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Regulation: the art of getting it right The rules and laws governing banking have grown from an ongoing process of co-operation between The Banking Association and several organs of government.


outh Africa has been able to comply with tougher global capital requirements under the Basel regime because of the “exceptional” relationship and collaboration between The Banking Association and the local regulators, says Mark Brits, General Manager for Special Projects at The Banking Association. He says that as a result of this collaboration, South Africa

has been able to meet the deadline for the implementation of regulations such as Basel II, II.5 and now Basel III, which is being implemented in phases until 2019. Brits says the next few years will be crucial for South Africa’s financial sector as The Banking Association will continue to be involved in the implementation of Basel III, as well as collaborating with the authorities in the implementation of the twin-peaks regulatory regime that is being introduced by National Treasury. ‘We therefore see ourselves also interacting quite closely not only with the South African Reserve Bank and National Treasury, but also with the Financial Services Board,’ says Brits. Under the twin-peak regime, the central bank will be in charge of prudential regulatory matters and the FSB will be in charge of market conduct of the financial sector. Brits likens the relationship between The Banking Association and the regulators to that of a hand and a glove.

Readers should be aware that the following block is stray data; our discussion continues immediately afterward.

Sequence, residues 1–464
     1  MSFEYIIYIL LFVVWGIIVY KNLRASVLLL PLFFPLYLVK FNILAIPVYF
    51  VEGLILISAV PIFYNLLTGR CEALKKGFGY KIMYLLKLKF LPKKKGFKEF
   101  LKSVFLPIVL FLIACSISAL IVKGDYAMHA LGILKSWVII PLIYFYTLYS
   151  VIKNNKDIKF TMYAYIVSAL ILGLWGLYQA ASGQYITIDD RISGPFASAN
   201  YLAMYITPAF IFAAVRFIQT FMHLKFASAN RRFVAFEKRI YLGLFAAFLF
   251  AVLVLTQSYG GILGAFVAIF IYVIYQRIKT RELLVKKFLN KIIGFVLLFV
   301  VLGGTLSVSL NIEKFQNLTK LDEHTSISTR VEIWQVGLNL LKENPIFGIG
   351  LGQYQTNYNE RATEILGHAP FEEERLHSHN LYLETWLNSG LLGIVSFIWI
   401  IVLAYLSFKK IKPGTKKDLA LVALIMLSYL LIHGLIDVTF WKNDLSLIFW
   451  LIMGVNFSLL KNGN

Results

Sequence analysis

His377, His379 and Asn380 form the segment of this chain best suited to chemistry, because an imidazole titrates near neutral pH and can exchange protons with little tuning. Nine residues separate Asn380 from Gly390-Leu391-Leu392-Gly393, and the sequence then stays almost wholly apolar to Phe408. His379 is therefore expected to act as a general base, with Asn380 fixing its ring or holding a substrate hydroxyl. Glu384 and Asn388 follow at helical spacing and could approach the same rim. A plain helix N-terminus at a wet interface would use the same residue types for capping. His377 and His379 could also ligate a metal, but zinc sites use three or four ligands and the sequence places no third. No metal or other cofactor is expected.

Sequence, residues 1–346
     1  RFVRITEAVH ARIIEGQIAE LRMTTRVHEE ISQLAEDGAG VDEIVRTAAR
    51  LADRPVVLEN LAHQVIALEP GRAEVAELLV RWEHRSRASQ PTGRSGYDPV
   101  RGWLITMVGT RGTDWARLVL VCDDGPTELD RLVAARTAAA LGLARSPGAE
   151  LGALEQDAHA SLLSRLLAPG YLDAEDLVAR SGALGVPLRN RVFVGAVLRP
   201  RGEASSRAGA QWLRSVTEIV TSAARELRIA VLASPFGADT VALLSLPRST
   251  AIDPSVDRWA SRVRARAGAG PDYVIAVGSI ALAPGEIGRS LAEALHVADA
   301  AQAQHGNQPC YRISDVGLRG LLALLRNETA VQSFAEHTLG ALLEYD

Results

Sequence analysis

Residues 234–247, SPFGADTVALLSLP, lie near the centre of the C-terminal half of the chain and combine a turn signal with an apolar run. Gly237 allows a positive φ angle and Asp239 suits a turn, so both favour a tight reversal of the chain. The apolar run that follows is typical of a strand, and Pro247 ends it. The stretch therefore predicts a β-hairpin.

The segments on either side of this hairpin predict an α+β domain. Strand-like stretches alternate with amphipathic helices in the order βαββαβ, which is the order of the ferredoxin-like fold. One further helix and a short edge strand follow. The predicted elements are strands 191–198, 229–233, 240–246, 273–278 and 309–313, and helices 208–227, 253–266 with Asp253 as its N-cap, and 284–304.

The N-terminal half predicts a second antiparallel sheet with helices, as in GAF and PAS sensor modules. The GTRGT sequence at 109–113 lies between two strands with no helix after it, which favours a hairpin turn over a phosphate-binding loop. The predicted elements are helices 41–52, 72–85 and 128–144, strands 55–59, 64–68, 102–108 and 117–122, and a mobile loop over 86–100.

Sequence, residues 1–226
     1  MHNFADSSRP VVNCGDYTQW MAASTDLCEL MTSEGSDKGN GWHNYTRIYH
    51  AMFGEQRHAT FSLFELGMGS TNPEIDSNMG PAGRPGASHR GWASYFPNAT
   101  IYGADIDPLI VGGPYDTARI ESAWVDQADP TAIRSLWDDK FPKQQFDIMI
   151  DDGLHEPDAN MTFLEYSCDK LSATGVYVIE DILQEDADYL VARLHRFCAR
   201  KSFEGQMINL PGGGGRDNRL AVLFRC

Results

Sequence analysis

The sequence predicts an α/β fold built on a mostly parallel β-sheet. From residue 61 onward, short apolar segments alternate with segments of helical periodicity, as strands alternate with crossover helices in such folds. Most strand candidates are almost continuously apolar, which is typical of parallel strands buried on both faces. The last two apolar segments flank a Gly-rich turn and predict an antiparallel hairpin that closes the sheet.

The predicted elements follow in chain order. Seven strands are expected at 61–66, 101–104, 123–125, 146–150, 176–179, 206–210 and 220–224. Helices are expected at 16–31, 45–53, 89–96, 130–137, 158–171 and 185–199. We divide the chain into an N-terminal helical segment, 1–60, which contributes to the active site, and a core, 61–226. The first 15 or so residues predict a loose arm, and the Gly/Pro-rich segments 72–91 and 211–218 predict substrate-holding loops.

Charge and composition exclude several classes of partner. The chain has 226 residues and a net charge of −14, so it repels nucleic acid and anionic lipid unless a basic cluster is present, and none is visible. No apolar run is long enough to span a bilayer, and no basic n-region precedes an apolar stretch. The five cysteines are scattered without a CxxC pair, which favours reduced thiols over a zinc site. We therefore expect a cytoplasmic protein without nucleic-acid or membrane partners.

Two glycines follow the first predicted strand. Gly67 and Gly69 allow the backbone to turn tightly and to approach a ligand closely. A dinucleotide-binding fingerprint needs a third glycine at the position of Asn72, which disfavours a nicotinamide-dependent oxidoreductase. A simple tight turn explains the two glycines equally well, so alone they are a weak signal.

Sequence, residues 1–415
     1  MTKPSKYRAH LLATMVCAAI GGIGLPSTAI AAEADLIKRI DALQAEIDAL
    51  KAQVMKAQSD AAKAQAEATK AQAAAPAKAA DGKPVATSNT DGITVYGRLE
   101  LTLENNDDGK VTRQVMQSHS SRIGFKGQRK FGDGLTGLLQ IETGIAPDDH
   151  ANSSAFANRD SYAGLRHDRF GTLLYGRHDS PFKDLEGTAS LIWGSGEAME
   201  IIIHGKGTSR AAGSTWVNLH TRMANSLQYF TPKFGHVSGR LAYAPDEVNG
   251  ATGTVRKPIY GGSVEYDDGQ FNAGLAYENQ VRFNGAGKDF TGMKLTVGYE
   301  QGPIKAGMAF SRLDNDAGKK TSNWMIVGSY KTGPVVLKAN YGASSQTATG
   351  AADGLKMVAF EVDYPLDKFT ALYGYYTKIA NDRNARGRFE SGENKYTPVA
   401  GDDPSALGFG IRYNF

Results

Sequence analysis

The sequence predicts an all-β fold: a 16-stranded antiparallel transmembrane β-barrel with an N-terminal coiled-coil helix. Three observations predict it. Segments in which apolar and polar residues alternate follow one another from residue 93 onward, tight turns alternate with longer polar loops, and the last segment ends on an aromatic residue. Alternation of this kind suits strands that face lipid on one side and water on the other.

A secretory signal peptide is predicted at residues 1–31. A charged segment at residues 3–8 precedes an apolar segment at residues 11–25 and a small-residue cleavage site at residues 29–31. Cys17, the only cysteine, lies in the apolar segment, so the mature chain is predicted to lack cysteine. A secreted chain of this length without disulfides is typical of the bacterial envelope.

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We were helping the regulator understand what sort of returns could be developed so that banks could submit information that is relevant to the regulations that were being proposed. ‘Since 2008 we have gone through a journey where we basically managed the implementation of the Basel regulations through a collaborative approach, facilitating the implementation and discussions between The Banking Association, the South African Reserve Bank, National Treasury and the audit and accounting professions,’ says Brits. ‘We were helping the regulator understand what sort of returns could be developed so that banks could submit information that is relevant to the regulations that were being proposed,’ he says. Brits says The Banking Association has and continues to have frank and constructive talks with the regulators on banking matters. ‘We respect the fact that the responsibility of regulators is to regulate, so our engagement has been very fruitful and we try at every opportunity to understand the subtleties of the application of rules versus the academic view of the regulatory framework of banking,’ Brits says. He says the major challenge has been to find a balance between adopting the global banking regulations – since South Africa is a member of the G20 – and ensuring that they are applicable to local conditions. ‘Because Basel III is a global framework borne out of the banking failures in North America and Europe, it does not necessarily sit easily in South Africa; we have had to try to talk with our bankers to find ways of implementing it and see how we can meet the requirements without, for example, passing on the costs to the consumer or creating more administrative problems,’ Brits explains.